The Story Of Okorocha’s Iberiberism Will Be Told A Thousand Years, By Charles Ofoji

Okorocha dancing

In his sweetest days, Imo State governor, Rochas Okorocha fancied himself as the new „Zik“ of Nigerian politics.

In that delusion, he begun to imitate the way the late charismatic first Nigerian president spoke. But unfortunately he shunned to emulate the character of the Nnamdi Azikiwe, probably Nigeria’s finest politician ever.

Okorocha was only attracted to Zik’s gift of oratory, mainly because he foolishly saw it as a weapon to „brainwash“ the electorate.

Anayo Rochas Okorocha firmly believed he has „pocketed“ the people who voted him to power, mainly probably because of what his native doctor told him and because he felt he had hypnotized them by attempting to speak like the great Zik of Africa.

As he imitated Zik, Okorocha churned out chapters on „Iberiberism“ (stupidity). He became overnight the wisest man from the East.

One of the famous quotes from the Book Of Okorocha was his „Oha shile ofuonye irism.“

This Igbo saying simply translated means: when a person cooks for the crowd, they have the capacity to finish the food. But when the reverse is the case, one person cannot finish the food cooked by the clan.

During the plots and intrigues that were elicited by Okorocha’s warped dream of foisting his unqualified son-in-law, Uche Nwosu on Imo people as governor, Okorocha, driven almost insane by power, saw himself as the „Oha“ (kinsmen) and the people as „Ofuonye“ (one person). The video went viral on internet.

He threatened to cook for his people on election day – simply because they rejected, in a democracy, his anointed successor. Not necessary because he was the governor’s son-in-law but because he was simply unqualified. Bear in mind that Uche Nwosu had roamed the streets barely eight years as an unemployed.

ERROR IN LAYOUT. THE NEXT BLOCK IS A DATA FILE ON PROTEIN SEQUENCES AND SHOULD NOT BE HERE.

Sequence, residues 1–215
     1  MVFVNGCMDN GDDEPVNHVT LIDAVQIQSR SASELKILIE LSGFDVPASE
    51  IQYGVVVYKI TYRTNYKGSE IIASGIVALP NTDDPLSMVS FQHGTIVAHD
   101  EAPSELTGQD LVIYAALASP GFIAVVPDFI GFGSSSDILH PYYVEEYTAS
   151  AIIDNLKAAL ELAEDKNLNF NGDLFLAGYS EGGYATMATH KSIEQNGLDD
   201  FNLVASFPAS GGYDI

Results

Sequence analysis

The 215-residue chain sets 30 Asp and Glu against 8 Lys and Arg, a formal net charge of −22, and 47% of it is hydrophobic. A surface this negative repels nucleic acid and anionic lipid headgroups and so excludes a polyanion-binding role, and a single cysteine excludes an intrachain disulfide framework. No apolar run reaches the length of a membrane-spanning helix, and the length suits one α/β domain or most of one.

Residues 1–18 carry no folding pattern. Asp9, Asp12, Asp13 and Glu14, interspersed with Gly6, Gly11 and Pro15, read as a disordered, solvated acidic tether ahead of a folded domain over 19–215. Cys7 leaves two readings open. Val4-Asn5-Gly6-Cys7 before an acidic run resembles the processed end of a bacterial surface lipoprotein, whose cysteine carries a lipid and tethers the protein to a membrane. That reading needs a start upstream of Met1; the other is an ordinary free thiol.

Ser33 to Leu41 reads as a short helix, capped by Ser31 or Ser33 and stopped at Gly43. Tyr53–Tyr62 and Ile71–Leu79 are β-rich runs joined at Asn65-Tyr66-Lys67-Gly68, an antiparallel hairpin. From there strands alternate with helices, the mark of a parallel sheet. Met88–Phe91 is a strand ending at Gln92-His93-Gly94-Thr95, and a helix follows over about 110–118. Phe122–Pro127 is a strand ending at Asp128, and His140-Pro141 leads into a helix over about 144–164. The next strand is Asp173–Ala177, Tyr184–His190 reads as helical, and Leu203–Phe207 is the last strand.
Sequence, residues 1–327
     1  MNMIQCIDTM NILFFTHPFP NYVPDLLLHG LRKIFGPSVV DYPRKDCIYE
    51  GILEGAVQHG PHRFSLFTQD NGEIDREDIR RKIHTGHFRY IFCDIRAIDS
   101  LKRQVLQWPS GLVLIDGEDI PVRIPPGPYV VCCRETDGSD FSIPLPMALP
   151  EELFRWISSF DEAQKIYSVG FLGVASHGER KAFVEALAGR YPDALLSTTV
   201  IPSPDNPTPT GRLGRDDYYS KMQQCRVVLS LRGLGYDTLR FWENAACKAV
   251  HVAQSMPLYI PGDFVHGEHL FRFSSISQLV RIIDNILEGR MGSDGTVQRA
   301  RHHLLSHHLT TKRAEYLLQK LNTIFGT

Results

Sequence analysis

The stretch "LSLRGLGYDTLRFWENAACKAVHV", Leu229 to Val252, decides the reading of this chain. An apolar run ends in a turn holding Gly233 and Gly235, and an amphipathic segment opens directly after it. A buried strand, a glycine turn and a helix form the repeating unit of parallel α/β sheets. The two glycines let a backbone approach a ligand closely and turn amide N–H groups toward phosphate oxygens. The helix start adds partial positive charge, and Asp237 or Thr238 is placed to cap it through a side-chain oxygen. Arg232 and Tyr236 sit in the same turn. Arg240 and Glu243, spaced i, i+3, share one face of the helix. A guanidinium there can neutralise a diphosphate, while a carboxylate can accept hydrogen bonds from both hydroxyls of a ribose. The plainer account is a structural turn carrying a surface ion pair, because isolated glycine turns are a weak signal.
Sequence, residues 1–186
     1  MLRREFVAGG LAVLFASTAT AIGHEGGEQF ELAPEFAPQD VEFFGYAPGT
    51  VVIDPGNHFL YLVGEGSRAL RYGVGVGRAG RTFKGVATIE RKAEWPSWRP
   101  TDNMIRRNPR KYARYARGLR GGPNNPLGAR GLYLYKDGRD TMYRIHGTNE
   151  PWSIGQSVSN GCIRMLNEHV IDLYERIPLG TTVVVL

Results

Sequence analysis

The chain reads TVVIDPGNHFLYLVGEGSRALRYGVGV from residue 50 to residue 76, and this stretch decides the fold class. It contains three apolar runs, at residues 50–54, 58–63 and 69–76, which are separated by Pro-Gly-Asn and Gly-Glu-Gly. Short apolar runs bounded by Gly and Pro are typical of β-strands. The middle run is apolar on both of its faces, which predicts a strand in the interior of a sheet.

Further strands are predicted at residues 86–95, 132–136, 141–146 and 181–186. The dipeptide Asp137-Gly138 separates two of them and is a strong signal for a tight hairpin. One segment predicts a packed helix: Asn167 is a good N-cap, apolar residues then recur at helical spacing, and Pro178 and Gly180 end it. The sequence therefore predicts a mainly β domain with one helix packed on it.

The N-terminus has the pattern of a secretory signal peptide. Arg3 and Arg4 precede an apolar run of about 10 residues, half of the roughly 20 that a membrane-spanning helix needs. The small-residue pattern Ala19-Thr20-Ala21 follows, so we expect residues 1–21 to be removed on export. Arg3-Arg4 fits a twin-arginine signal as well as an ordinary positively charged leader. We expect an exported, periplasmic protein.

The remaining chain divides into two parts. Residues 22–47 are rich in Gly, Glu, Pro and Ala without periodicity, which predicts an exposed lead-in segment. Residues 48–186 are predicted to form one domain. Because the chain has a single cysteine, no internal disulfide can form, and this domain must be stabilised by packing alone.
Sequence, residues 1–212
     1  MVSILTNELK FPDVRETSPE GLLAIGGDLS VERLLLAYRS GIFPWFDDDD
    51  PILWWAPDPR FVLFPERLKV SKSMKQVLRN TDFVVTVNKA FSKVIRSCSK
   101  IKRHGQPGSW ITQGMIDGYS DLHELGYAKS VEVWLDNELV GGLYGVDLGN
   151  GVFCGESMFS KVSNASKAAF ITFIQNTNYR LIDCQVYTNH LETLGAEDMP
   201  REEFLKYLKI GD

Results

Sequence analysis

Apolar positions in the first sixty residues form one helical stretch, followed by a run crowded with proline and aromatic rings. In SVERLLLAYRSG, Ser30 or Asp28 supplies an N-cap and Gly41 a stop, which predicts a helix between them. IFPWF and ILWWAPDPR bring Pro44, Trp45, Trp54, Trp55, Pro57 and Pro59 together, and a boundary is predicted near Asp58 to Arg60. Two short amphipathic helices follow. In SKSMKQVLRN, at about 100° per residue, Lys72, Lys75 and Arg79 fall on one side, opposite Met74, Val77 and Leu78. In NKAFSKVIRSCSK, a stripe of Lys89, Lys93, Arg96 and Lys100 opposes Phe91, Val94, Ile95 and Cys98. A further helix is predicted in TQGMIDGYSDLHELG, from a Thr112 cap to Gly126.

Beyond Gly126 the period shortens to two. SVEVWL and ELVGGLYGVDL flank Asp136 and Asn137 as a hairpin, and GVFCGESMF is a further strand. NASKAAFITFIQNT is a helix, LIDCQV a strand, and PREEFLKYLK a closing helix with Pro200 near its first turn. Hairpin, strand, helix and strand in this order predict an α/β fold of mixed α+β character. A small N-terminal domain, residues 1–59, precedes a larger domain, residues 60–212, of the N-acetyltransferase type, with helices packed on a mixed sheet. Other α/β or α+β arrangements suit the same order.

The former self-proclaimed philanthropist swore that Uche Nwosu will be the next governor whether the people liked it or not.

In one meeting at his Owerri residence, a week to the governorship election, Governor Okorocha ordered his supporters to do all to realize the governorship ambition of his son-in-law. „No matter what it will cost.“

Nothing will happen, he thought. Afterall, his party was ruling at the center and his idol, Muhammadu Buhari was president and commander-in-chief. His people had warned him however that those he trusted in Abuja will use him and later dump him but Okorocha would never listen to the people he saw as stupid.

In any case, the food prepared by Okorocha for his people was enormous and at the same time poisonous. He emptied Imo State treasury, bribed INEC officials and unleashed violent thugs and compromised security operatives on the people he was voted to protect simply because he lacked the capacity or refused to understand how democracy works.

Ultimately, the governor was shocked to find out that his kinsmen gulped his gigantic food – at least what he thought was gigantic.

But Mr. Okorocha was unwise not to realize that what actually transpired was that „oha shiri ya iri“ (the people cooked for him).

For eight years, Okorocha governed like a man on drugs. Apart from accusations of massive looting, appropriation of public property and satanic land acquisition, his government had no human face. His policies hardly made sense as he showed no empathy for the people.

Okorocha threw caution to the wind; restraint was alien to his dictionary in his show of disrespect and scorn for the people that actually made him what he is.
He never for one day pinched himself and realized that he was merely a servant of the people – a messenger sent on a mission by the electorate.

Okorocha abandoned the errand and embarked on a historic frolic of nauseating self-service. He betrayed his people, who trusted him with power as they looked forward to a better life under his leadership.

Instead of fried eggs for breakfast, Okorocha served Imolites scorpions.